New Zealand First MP Clayton Mitchell says he is victim of a "politically motivated" attack after he was forced out of a Tauranga bar on Saturday night.

Mitchell fronted media this afternoon and said that he expected an apology from security "buffoons" at the Brew Co bar for overreacting and "forcefully" removing him and his friend from the bar.

He vehemently rejected reports that he had accidentally hit a female bar staffer, causing her to cry, or that either he or his friend had told security "we are the law" when they were asked to leave.

"We know the Young Nats are in behind, trying to stir something up here," Mitchell said.


"Essentially there was some behaviour of a staff member that overreacted and very, very forcefully handled myself and a friend of mine.

"I have spoken with the owner of the business and I think they're taking measures to resolve that at their end."

Young Nats president Sam Stead rejected Mitchell's claim.

"This issue has nothing to do with us. The Young Nats wouldn't waste their time on an MP they've never heard of."

Security guard John Domoney, who was working at the bar at the time, told Newshub that Mitchell and his friend were asked repeatedly to move from an area where bar staff needed to pass through.

Domoney said that when they were asked to move, the bar staff were told: "We are the law."

He said that Mitchell accidentally hit a female bar staffer on the side of a head with a glass.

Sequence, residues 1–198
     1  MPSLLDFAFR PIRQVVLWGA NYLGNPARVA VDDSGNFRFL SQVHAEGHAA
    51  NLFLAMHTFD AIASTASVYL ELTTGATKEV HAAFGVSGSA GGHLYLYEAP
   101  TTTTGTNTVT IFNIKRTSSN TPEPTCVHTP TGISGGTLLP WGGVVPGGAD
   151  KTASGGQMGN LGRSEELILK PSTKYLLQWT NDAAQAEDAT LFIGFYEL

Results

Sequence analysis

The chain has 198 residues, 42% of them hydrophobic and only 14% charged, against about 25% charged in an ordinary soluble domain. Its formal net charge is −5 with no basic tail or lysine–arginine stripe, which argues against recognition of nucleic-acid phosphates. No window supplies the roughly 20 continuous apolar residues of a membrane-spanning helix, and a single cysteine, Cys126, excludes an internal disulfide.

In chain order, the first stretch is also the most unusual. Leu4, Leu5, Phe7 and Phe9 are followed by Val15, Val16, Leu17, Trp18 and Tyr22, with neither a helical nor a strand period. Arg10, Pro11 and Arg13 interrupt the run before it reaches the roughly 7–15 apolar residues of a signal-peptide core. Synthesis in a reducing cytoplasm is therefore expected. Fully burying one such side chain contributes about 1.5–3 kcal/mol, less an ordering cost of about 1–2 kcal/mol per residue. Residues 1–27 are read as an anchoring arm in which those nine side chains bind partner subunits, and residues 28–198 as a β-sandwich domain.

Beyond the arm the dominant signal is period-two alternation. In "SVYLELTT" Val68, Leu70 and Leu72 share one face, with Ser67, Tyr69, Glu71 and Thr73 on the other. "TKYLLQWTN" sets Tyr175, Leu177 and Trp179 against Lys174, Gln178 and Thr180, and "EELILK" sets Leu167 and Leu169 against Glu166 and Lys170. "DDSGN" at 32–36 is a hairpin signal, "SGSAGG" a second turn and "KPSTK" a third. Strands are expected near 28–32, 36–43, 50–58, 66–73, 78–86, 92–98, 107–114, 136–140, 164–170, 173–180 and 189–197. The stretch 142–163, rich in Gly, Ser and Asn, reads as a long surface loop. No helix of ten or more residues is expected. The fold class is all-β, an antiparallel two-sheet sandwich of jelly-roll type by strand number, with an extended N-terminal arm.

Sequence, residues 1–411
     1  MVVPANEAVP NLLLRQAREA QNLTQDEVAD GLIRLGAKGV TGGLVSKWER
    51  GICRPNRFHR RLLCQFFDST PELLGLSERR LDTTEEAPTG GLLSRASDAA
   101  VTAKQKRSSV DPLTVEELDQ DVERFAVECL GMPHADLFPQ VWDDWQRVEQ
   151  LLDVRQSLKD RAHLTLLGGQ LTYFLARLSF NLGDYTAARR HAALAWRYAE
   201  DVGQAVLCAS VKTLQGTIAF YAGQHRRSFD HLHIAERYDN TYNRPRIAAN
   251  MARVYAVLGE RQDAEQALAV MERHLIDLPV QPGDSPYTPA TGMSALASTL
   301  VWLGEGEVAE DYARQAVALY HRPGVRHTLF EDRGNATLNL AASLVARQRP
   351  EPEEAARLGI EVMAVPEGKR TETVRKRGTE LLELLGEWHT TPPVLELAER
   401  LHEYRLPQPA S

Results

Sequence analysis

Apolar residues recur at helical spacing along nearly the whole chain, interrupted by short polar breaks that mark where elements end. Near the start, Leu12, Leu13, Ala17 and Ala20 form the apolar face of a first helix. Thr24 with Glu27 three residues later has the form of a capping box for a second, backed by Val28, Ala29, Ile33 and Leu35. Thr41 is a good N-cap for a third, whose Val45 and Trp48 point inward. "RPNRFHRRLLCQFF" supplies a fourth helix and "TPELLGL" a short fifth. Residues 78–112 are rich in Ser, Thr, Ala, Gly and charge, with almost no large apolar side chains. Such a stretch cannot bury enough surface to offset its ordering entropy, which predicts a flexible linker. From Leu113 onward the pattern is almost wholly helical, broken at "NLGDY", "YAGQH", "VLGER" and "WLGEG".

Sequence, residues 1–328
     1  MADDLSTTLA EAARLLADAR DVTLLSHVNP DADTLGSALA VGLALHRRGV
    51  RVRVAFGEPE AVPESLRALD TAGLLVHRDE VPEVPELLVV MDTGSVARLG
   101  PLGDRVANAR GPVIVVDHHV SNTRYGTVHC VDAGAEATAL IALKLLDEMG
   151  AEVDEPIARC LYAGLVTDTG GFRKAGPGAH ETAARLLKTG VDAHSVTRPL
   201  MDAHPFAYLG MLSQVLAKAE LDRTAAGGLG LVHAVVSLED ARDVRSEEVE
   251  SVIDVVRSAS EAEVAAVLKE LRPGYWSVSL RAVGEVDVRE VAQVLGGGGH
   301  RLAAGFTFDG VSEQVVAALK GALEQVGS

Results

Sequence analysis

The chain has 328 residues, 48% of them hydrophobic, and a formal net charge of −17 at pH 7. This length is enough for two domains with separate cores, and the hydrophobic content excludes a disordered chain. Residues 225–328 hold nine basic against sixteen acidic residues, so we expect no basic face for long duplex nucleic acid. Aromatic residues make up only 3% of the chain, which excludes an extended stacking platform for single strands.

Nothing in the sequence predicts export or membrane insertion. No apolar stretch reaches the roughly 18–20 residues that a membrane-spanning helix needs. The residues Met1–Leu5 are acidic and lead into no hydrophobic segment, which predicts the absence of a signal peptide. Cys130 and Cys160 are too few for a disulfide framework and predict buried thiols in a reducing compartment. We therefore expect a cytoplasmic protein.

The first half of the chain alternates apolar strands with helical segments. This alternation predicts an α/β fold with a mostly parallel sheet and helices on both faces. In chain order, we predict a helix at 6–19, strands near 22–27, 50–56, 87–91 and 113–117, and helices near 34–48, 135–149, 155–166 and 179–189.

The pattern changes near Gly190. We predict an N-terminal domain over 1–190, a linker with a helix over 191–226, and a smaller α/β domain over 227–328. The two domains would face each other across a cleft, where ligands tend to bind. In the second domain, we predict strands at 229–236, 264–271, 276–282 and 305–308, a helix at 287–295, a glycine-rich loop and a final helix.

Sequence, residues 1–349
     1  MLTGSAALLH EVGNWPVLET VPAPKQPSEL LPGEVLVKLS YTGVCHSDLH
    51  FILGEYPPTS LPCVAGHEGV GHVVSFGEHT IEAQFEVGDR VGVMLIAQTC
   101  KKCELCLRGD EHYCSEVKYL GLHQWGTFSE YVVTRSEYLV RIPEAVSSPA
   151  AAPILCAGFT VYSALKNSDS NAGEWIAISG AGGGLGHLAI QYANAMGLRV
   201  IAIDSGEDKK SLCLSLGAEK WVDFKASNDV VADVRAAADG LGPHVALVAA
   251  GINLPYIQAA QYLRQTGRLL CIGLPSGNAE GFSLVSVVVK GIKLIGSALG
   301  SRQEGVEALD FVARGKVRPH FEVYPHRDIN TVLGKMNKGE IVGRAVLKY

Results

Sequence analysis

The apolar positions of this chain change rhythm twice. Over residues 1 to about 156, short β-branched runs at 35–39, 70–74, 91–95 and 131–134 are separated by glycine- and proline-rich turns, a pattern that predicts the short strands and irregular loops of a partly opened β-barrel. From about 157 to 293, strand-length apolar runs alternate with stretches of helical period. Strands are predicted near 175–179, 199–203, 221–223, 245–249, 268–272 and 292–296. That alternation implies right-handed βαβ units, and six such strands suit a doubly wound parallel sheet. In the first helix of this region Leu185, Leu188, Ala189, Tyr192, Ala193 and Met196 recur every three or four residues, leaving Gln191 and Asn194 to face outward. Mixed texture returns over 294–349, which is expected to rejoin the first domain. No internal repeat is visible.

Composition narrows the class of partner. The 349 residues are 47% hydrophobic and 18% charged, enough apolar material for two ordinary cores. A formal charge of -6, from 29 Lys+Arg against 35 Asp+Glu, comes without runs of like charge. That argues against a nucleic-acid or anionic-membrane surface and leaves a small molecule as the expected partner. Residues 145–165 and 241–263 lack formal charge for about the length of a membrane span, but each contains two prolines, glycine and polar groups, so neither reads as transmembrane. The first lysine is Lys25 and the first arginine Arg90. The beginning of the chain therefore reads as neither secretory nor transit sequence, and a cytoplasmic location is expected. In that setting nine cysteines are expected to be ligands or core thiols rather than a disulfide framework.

"A female staff member came out of the bar crying and upset and she had said one of the guys from that group which was Clayton had hit her on the side of the head with a glass and spilled his drink on her," he told Newshub.


"It wasn't an assault, it was more of an accidental incident, but it was because he was in that bar area."

But Mitchell said he and his friend were ordering a drink at the bar, and there was plenty of room for bar staff to move around them.

"If standing at a bar that is busy and ordering a drink is being a 'dick', then I think that's why they need to talk to the security member about their behaviour."

He said he and his friend moved away from the bar after getting their drinks, and security approached them three minutes later.

He said he told security he would make a phone call, and was then grabbed and removed.

"I was actually on the phone to the owner at the time while trying to resolve this issue when I was grabbed quite forcefully by these buffoons.

"There was no fighting. We were just trying to go out quietly and calmly but there was a bit of a kerfuffle and I would say a huge overreaction on behalf of security."

Asked if he owed anyone an apology, Mitchell said that he was the one who should be given an apology.

New Zealand First Winston Peters said that there was video footage exonerating Mitchell, but he had not seen it himself.

"We are so happy for you to see it that we ask you to turn up on Saturday night, have a good hard look at it, and then tell the public what you think," Peters told reporters.

"If you can't justify it with evidence, stop speculating."

Asked about the accidental contact with the female staffer, Peters said: "You're just scaremongering and making it up as you go along. Why don't you look at the video? That exonerates Mr Mitchell totally."

Peters said he had not seen the video, but he had been told what was on it by someone he had "enormous trust" in.